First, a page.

Ultimately, XRP centralization makes it a permissive network that is less resistant to censorship and change than open source blockchains (such as Bitcoin and Ethereum). Anyone can set up a node and participate in a network consensus by running bitcoin software. But only nodes approved by Ripple (UNL member nodes) are allowed to participate in the XRP consensus. Similarly, XRP credentials could potentially collude with each other to censor a transaction. However, the Bitcoin proof-of-work system makes it virtually impossible to collude nodes to censor transactions.

If we want to express the differences between XRP and Bitcoin in the simplest possible way, something like comparing a “Company” and one “Economy” will be. Ripple controls XRP supply at a predetermined rate, and a Ripple-approved stakeholder committee also validates network transactions. While the supply of bitcoin is done through the process of extraction (or mining) at a predetermined rate (by mathematical algorithms), the global and decentralized mining industry also processes network transactions.

Is a similar future waiting for other digital currencies?

What is xrp and what does it have to do with Ripple?

As we have said, the supply and management of XRP digital currency is highly dependent on Ripple, and this dependence inevitably raises a lot of sensitivities among legislators.

If digital currency is considered a security, it may experience similar problems to Ripple. Whether or not a digital currency is a security will be the responsibility of a country’s financial regulator. In the United States, for example, the Securities and Exchange Commission (SEC) is the financial markets law enforcement body and has recognized that XRP is a security based on Ripple policies. Of course, this claim must be proven in court.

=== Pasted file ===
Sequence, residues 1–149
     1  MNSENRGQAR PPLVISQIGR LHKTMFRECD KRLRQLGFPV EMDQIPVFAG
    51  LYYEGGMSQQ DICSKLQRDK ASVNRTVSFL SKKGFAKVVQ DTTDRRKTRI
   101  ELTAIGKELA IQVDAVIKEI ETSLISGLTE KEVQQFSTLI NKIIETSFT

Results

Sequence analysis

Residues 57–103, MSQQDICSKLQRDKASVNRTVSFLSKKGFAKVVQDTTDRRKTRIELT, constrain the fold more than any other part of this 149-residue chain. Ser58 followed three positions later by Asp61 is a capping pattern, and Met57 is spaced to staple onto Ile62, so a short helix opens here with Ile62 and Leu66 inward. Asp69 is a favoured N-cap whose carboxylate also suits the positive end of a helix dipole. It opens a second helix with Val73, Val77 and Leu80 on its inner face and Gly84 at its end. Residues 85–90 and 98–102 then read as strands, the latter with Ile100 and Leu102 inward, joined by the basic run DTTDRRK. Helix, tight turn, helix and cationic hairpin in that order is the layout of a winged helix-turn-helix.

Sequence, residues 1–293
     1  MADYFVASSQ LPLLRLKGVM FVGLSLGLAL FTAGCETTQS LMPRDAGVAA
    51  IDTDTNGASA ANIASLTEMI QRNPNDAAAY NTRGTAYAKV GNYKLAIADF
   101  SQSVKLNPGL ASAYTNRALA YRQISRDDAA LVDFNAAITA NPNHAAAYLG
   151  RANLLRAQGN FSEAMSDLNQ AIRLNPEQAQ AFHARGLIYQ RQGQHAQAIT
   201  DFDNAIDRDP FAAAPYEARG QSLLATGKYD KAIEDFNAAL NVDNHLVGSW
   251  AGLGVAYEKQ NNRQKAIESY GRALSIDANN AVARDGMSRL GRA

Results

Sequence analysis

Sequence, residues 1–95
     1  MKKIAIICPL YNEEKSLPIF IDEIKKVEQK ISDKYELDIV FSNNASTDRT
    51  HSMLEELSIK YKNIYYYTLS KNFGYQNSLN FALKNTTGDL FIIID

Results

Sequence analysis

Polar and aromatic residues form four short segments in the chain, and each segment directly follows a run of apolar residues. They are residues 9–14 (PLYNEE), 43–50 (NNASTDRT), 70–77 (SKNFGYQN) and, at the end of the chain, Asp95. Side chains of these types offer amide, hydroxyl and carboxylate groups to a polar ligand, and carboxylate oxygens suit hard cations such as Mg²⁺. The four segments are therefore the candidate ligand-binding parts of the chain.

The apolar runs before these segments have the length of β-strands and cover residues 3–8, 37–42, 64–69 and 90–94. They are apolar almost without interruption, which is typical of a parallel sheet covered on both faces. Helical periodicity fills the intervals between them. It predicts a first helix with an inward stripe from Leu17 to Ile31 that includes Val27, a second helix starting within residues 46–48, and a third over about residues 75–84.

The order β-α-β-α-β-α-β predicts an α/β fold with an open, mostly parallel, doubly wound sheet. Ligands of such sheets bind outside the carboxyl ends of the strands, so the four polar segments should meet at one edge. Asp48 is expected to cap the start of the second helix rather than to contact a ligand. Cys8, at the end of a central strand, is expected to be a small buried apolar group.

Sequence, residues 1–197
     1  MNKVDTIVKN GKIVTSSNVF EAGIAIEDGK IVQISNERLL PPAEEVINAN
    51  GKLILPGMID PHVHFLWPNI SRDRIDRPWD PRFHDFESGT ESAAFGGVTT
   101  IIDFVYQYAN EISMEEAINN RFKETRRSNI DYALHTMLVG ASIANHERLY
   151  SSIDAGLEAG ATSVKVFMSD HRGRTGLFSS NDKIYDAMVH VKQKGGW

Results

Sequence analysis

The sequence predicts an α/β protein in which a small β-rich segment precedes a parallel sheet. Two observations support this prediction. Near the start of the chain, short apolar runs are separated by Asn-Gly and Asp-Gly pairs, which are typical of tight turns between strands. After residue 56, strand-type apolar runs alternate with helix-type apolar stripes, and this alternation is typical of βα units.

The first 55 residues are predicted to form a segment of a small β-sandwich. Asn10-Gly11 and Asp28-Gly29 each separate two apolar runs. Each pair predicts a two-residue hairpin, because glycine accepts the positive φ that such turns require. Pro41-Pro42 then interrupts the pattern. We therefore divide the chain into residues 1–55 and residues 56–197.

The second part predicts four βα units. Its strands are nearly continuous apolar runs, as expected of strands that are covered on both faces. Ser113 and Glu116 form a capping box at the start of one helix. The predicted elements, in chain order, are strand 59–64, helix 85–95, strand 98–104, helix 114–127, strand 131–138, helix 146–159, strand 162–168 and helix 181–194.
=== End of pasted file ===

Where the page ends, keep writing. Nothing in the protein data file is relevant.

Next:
Therefore, it can be said that if the digital currency is affiliated with a company or official business, there is an expectation of profit in it and the policies of that company can affect the future of that digital currency, it may be in trouble like XRP. Accordingly, it can be assumed that in the future a large number of digital currencies, due to the type of business and their economic program, will be exposed to similar legal measures.

Also read: Get acquainted with different types of tokens

However, this is not the case with many digital currencies on the market. Bitcoin and Ethereum, for example, are among the digital currencies that will be safe from restrictive legal action because of their decentralized supply and management and lack of dependence on a secondary business (unlike Ripple). It is interesting to note that the Securities and Exchange Commission has also made its views on Bitcoin and Ethereum clear, excluding them from securities laws and investment instruments.